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Open Letter to Jenna Bush: Before You Begin Your Career as a Teacher . . .
Published on Wednesday, January 19, 2005 by CommonDreams.org
Open Letter to Jenna Bush:
Before You Begin Your Career as a Teacher . . .
by Elisa Salasin
 

Dear Ms. Bush,

I’ve read recently that you will soon be teaching in an urban, Washington, D.C. elementary school. As you begin your career there are a few things that I would like you to consider.

I’m sure that you are entering the profession with the highest of expectations for the children who will be under your care in the coming years, that you are not someone who might fall prey to the “soft bigotry of low expectations.” If possible, though, please take a few moments to think about just what it means to have high or low expectations for your students.

I ask you to do so because I believe that much of the so-called educational reform mandated in the name of “high” expectations truly reflects very low expectations of the intellectual capacities and learning potential of children – most specifically, poor children in urban schools who are usually not white and who often don't speak English as their first language.

This conclusion might seem counter-intuitive. After all, your father claims that No Child Left Behind is closing the achievement gap. He claims that test scores are rising, that more kids are reading at a higher level. I see that achievement gap differently – when teaching and textbooks mirror the tests, scores indeed will rise. In the eyes of some people, high expectations for students are being met. I see the high expectations of the testing/publishing industrial complex being met as their profits soar, and the high expectations of pundits being met as their pockets fatten. Let’s say that I’m wrong, though, and children are indeed learning more in this brave new world of education. We still cannot say that high expectations are being met without taking into account some of the other effects of NCLB on classrooms. A few examples include: students reading fewer actual books in school, far less time being spent on social studies, science, arts education, or any other activity that does not fall within the realm of concepts-to-be-tested.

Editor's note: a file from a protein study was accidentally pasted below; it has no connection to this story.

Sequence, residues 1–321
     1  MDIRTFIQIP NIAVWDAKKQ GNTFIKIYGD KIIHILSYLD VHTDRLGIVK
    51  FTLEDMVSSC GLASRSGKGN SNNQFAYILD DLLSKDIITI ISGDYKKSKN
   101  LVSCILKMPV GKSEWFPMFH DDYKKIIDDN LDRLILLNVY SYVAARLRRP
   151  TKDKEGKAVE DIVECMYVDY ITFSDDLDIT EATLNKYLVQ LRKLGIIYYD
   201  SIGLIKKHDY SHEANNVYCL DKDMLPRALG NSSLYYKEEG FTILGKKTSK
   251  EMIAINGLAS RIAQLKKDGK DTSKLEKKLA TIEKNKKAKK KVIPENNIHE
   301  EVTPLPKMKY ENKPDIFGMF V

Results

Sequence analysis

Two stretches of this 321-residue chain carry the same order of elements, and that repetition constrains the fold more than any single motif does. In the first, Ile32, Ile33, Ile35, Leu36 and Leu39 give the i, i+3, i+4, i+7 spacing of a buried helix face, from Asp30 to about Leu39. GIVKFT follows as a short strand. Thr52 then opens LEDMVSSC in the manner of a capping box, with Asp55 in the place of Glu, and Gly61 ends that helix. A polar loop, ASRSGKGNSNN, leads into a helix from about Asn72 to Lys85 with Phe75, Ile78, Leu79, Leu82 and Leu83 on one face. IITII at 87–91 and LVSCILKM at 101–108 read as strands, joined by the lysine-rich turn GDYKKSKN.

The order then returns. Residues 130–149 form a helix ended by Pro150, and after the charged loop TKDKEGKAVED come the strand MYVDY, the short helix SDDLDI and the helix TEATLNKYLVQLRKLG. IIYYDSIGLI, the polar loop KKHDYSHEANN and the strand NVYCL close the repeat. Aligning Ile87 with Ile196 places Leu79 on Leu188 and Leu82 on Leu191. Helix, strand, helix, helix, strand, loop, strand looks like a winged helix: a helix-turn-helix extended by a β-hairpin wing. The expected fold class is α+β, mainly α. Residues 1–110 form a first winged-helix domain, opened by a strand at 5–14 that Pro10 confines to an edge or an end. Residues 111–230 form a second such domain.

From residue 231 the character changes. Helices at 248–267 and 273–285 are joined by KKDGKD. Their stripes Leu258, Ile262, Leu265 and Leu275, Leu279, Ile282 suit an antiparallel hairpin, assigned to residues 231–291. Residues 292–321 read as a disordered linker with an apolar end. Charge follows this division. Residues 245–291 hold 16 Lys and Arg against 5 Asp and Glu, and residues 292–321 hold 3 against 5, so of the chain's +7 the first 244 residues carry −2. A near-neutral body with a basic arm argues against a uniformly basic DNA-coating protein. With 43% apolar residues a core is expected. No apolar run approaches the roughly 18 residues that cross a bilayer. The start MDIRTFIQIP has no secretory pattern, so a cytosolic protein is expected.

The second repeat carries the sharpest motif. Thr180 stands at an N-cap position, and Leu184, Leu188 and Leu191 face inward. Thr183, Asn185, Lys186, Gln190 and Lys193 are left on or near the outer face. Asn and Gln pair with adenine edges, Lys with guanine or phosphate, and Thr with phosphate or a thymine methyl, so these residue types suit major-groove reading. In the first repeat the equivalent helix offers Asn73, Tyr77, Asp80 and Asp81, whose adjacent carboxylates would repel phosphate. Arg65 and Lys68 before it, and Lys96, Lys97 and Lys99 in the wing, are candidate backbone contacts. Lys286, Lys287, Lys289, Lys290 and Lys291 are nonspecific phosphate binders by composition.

Many pro-NCLB people might respond to these examples with "So what?" They may not care that children are not getting arts education, music, foreign language, social studies, etc., because those test scores are going up and the achievement gap is "narrowing." They may not worry that kids are reading fewer books, because at least the kids are reading the sanitized, annotated, offense-less stories in their new standardized, mandated, and not-that-interesting literacy curriculum.

They would say that "those" kids are learning to read, and until they learn to read, nothing else matters except learning to read. The underlying assumption behind this attitude is that until they learn to read, "those" children really are not capable of learning anything else. And, they believe the only way that "those" kids can handle learning to read is by cutting reading down to essentially a technical activity, devoid of meaning and joy. It is incomprehensible that learning to read might come through the arts, through music, through social studies – through, as William Ayers writes, the act of learning to “take the world in one's hands” and run with it.